Inshore Slam Fishing Tournament: What We Did Right & Wrong
It’s inshore fishing tournament time again!
The other day we posted about how we prepared for an inshore slam fishing tournament, and today we’ll reveal how it went.
This was a slam tournament in an area that I’d previously only fished once several years ago, and in the video below I’ll break down what we did right and what we did wrong on tournament day.
P.S. if you’re a SUPER-Community member, click here for the full report, including the exact spots we fished on the map.
Inshore Slam Tournament Fishing [VIDEO]
Note: if you want to see the full report videos and are interested in joining our SUPER-Community, check it out here.
Equipment & Lures Used:
- Lures: Everything was caught on the 3/0 TwistLock weighted hooks from Owner
- 21″ trout and a couple of others with the 5″ soft plastic paddle tail from Southeastern Tackle
- Everything else hit the 5″ Gulp Jerk Shad in watermelon color
- Rods: TFO Pro 7’6″ Medium power
- Reels: Daiwa Fuego LT 3000
Note: I used Pro-Cure Super Gel on the paddle tail baits to add in some extra scent.
The Best Decision We Made
The best decision we made that morning was to not leave fish to find more fish.
Although we were only catching trout, we were in a good feeding zone and I was confident there were more than just trout in the area.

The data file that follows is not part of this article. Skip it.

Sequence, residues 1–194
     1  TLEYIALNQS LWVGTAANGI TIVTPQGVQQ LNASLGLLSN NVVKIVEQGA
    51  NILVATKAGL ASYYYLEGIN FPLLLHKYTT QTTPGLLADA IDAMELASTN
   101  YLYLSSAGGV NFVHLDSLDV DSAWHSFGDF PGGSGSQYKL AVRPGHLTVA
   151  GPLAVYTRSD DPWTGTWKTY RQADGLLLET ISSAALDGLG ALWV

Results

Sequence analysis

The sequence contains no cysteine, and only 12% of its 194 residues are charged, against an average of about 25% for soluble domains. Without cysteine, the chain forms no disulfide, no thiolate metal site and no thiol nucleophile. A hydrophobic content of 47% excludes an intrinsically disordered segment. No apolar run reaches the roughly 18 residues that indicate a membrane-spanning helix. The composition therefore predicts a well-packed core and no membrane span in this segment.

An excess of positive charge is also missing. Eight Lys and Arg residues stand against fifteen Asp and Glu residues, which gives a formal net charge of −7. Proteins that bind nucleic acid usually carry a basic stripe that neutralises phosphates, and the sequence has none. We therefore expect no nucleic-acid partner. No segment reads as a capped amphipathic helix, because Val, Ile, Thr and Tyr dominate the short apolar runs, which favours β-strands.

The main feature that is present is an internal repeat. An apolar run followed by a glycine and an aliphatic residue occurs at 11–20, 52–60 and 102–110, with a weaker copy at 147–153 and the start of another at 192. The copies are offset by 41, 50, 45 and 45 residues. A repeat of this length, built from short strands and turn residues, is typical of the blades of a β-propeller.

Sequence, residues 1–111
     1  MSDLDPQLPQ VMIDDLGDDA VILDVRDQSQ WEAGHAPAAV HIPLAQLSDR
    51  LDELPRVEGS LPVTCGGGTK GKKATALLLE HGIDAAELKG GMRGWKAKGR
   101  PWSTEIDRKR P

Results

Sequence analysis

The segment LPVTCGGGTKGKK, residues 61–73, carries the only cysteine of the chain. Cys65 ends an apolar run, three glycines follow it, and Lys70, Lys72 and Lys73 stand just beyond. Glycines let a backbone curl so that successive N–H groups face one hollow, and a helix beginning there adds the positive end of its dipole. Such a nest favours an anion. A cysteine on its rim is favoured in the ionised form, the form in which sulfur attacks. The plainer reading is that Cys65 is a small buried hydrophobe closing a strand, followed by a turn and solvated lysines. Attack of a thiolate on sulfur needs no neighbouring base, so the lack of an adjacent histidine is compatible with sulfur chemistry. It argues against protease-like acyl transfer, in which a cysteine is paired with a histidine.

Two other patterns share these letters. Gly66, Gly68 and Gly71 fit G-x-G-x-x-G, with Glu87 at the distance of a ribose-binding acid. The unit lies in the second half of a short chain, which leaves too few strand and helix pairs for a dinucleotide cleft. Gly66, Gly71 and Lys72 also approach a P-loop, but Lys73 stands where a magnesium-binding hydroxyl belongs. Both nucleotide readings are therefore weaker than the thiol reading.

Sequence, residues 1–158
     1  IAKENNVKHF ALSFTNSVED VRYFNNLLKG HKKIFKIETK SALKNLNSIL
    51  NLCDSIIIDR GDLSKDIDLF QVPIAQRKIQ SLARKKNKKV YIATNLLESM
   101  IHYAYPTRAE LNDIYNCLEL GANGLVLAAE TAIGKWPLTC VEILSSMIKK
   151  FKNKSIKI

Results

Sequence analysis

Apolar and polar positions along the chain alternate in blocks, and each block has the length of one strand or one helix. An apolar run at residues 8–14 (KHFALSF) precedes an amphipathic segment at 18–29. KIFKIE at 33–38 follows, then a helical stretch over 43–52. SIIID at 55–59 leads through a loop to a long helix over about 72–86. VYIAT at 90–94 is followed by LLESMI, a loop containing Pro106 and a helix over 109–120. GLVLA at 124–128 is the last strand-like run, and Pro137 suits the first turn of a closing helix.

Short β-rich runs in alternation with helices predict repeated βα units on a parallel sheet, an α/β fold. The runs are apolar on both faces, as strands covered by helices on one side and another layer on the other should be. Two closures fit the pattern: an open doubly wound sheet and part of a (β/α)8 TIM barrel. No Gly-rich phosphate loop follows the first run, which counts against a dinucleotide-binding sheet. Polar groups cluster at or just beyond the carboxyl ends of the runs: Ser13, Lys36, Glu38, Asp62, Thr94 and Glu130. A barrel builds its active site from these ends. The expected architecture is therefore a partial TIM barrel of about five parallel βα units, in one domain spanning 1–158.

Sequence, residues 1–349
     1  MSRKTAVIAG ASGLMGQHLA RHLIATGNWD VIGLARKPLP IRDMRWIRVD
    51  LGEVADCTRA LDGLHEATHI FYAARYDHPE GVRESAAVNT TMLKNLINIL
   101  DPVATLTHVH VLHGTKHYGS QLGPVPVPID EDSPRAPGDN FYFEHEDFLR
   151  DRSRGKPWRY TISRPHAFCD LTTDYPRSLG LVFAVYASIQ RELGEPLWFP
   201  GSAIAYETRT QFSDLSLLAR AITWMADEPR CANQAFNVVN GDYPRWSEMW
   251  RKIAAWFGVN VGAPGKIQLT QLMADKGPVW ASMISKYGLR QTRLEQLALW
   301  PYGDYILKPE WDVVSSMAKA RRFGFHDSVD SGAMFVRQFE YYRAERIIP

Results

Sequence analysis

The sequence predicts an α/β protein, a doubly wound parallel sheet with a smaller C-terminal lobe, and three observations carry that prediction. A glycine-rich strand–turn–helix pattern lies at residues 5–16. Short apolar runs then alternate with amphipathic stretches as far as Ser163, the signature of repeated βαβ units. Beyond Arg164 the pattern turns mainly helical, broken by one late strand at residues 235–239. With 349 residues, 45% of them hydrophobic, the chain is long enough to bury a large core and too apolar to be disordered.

As it turned out, on our third pass through this area is when I caught the 31″ snook (see first image in this article).
Had we moved on from the area, we likely would not have caught such a good snook.
Our Biggest Mistake
The biggest mistake I made was not planning for the tides well enough.
I had correctly identified where the fish would be feeding (see the trout above), but I misjudged how low the tide would be simply because I had only been to this area once before, and it was at a totally different tide so I had nothing to compare it to.
The tide was too low to get my boat back there, and we missed out on some potentially good fishing.
Later, I learned that there was a small channel that led back there, but since we got there in the dark, and it was a new area for me, I could not see it.
Previously in tournaments with more money on the line, I would pre-fish the area on the same tides as tournament day to avoid this mistake.
Note: Here’s a link to see the short scouting trip that I had (with my dog Otis) the day before the tournament to find some pockets of fish to target for the big day: Scouting Trip Post.
If you’re boating in the dark, it often helps to have someone pull out a cell phone with an online map to see where you are.
Although it’s not foolproof, and you still need to be cautious, you can see some sandbars or structure on the map that you may want to avoid.
If you want to give yourself the best chance to do well in an inshore fishing tournament, make sure you follow these two tips:
- The best way to prepare for a tournament is by fishing the exact tides you’ll be fishing on tournament day, so you can find the feeding fish and no surprises come up.
- Don’t leave fish to find more fish. Doing this can often lead to missing out on fish, like the snook we caught.
Have any questions about tournament fishing?
Let us know in the comments below!
And if you want to get better at catching inshore slams, and see the full reports from trips like these, including the exact spots we were at, check out our SUPER-Community.
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